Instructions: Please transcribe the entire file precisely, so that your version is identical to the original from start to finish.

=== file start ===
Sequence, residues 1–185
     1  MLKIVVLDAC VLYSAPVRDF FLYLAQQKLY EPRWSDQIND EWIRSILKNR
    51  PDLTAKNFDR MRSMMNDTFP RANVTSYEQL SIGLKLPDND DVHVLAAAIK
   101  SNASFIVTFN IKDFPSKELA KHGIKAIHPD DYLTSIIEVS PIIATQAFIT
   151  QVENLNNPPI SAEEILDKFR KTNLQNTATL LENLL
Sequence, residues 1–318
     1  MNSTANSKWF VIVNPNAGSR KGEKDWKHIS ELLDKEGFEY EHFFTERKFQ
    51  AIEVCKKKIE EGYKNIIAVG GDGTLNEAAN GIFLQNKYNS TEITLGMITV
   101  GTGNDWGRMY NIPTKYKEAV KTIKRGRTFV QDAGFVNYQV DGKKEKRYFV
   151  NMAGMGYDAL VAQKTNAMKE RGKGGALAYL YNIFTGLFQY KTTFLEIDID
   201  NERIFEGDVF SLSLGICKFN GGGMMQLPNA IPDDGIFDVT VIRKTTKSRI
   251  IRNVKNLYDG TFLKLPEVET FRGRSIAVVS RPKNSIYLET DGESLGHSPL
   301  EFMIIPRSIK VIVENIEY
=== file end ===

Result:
Sequence, residues 1–185
     1  MLKIVVLDAC VLYSAPVRDF FLYLAQQKLY EPRWSDQIND EWIRSILKNR
    51  PDLTAKNFDR MRSMMNDTFP RANVTSYEQL SIGLKLPDND DVHVLAAAIK
   101  SNASFIVTFN IKDFPSKELA KHGIKAIHPD DYLTSIIEVS PIIATQAFIT
   151  QVENLNNPPI SAEEILDKFR KTNLQNTATL LENLL
Sequence, residues 1–318
     1  MNSTANSKWF VIVNPNAGSR KGEKDWKHIS ELLDKEGFEY EHFFTERKFQ
    51  AIEVCKKKIE EGYKNIIAVG GDGTLNEAAN GIFLQNKYNS TEITLGMITV
   101  GTGNDWGRMY NIPTKYKEAV KTIKRGRTFV QDAGFVNYQV DGKKEKRYFV
   151  NMAGMGYDAL VAQKTNAMKE RGKGGALAYL YNIFTGLFQY KTTFLEIDID
   201  NERIFEGDVF SLSLGICKFN GGGMMQLPNA IPDDGIFDVT VIRKTTKSRI
   251  IRNVKNLYDG TFLKLPEVET FRGRSIAVVS RPKNSIYLET DGESLGHSPL
   301  EFMIIPRSIK VIVENIEY